Navigating an illness in a hospital setting can induce plenty of anxiety in adults. For children, the experience can be utterly overwhelming, whether they’ve broken a bone or are facing treatment for something much more serious. That’s where Gomo comes in.
Created by the UX and industrial designer Lily Karatzas, Gomo is an adorable stuffed toy whose face acts as a point of reference for a corresponding augmented reality app, which can project different bodily systems onto the toy. It’s meant so that medical staff can explain how illnesses and treatments work on the body to preschool-age children. The Gomo prototype is metal-free, which means it can also act as a cuddly partner when young patients have to enter CAT scan or MRI machines on their own.
Karatzas knew she wanted to find a way to alleviate stress during hospitalization for children–a survey she distributed revealed that 62% of respondents had experienced anxiety during doctor visits as children. She realized that most of her respondents’ best experiences had come from positive interactions with nurses and doctors. One respondent, she said, recalled that a nurse had given him a small, handmade toy car when he was hospitalized for encephalitis as a child; another’s best memory of being hospitalized was when the nurse discussed The Emperor’s New Groove.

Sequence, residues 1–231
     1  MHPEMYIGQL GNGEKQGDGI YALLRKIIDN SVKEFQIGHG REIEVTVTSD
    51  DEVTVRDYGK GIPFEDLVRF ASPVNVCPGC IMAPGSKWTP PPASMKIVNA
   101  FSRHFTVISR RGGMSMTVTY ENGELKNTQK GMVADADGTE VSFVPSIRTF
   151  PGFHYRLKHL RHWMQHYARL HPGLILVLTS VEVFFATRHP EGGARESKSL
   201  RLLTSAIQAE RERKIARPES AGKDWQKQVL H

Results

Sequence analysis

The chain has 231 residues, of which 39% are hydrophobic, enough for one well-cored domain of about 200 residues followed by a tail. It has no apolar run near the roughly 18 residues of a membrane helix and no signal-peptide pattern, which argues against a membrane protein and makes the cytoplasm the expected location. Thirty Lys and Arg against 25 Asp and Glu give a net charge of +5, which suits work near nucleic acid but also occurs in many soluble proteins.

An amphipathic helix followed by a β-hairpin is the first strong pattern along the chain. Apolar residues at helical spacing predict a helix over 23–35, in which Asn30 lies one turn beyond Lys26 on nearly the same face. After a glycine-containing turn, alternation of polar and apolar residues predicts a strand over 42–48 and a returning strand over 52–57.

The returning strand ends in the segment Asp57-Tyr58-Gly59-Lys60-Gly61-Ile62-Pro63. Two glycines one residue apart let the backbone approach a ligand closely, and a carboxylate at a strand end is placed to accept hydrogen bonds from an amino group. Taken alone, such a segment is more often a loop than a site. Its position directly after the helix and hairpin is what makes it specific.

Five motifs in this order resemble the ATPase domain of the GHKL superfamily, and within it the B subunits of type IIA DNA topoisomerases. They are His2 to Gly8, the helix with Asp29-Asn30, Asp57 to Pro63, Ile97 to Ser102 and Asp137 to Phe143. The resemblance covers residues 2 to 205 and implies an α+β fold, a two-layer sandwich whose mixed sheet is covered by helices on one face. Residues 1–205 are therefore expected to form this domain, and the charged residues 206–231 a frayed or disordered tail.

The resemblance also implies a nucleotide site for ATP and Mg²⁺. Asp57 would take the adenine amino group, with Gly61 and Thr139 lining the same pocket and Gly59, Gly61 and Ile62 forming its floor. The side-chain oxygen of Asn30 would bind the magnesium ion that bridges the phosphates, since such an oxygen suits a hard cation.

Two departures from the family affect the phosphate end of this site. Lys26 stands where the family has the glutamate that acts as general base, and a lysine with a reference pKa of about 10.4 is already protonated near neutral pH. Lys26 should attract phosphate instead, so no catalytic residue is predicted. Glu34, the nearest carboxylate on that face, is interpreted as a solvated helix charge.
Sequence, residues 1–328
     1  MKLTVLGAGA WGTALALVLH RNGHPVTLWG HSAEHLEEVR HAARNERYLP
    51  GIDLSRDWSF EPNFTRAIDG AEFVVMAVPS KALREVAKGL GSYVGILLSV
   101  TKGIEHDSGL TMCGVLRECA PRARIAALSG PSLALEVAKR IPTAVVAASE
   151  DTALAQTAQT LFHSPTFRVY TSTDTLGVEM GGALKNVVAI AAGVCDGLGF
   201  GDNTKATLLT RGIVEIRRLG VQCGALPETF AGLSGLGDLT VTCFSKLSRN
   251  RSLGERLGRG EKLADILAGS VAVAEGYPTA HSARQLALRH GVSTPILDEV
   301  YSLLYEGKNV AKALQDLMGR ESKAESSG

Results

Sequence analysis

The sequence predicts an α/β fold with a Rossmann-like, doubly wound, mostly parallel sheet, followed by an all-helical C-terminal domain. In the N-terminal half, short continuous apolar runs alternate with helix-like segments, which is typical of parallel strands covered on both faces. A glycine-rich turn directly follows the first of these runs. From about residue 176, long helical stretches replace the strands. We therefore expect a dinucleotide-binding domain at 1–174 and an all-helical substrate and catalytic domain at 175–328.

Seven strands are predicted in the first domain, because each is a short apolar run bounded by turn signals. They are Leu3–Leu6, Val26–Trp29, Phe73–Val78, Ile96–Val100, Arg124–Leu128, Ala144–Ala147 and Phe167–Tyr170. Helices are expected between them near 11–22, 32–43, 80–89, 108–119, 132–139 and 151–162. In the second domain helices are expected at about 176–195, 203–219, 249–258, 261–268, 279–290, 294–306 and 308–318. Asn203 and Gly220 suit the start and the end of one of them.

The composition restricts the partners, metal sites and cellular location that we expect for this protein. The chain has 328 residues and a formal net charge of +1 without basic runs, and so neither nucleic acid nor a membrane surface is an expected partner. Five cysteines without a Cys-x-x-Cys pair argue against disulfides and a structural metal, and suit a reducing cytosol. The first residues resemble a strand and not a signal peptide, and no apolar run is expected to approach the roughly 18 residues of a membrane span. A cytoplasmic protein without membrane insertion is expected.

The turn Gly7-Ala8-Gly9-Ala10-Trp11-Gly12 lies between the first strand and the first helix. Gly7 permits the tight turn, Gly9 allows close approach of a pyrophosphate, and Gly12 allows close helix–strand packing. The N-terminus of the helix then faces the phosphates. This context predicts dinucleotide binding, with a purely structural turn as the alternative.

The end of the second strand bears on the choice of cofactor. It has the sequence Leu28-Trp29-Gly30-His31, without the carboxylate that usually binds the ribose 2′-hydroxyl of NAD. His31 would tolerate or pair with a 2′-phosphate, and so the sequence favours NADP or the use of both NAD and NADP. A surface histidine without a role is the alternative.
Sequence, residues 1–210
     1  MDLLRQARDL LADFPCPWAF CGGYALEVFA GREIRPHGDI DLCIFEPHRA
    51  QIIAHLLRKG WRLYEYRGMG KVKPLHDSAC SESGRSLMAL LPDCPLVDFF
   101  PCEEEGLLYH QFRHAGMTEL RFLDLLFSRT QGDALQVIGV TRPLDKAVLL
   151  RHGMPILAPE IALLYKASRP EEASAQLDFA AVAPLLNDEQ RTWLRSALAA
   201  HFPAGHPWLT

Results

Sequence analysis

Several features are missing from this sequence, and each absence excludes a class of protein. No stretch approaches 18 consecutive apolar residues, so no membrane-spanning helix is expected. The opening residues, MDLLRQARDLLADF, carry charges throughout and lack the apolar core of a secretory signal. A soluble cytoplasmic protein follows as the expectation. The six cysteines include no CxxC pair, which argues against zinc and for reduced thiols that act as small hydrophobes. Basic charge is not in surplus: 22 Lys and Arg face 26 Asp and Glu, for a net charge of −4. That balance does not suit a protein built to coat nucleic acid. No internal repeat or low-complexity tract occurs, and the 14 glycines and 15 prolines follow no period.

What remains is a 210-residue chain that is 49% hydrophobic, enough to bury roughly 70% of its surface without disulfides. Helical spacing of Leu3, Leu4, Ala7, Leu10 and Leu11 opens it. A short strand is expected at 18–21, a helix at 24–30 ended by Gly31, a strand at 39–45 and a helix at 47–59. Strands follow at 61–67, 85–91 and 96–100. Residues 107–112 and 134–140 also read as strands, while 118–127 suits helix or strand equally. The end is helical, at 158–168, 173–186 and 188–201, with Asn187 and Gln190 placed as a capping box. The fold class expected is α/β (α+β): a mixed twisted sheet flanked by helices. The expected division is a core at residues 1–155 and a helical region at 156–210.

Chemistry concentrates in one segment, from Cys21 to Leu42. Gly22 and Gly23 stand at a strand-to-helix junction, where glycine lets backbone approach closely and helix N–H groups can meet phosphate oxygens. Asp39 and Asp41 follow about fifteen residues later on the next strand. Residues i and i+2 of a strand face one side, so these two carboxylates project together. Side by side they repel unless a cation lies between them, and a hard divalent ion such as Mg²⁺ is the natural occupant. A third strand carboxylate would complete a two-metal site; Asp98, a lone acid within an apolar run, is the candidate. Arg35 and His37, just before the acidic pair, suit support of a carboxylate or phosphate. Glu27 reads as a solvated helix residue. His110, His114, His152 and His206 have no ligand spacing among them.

Karatzas set out to design a toy that could encourage these positive interactions. To design a children’s toy, Karatzas looked to characters like SpongeBob, BMO, Plankton, and EVE from WALL-E. But Gomo’s face is purposefully asymmetrical so it can act as a point of reference for the augmented reality app. The Gomo app will be able to show 10 body systems, including the nervous, circulatory, respiratory, lymphatic, and muscular systems. The child can click on individual organs and move the tablet to view different angles. By projecting cartoonish anatomy using augmented reality onto the Gomo toy, medical practitioners can explain how organs function and the body is put together in a way that’s educational and relatable. The children are allowed to take the toy home with them, reinforcing the positive aspects of their experience.
While Karatzas wasn’t able to test Gomo with sick children because of privacy restrictions, she hopes that it may someday truly make a difference for pediatric patients. She hopes to continue developing her prototype in the future.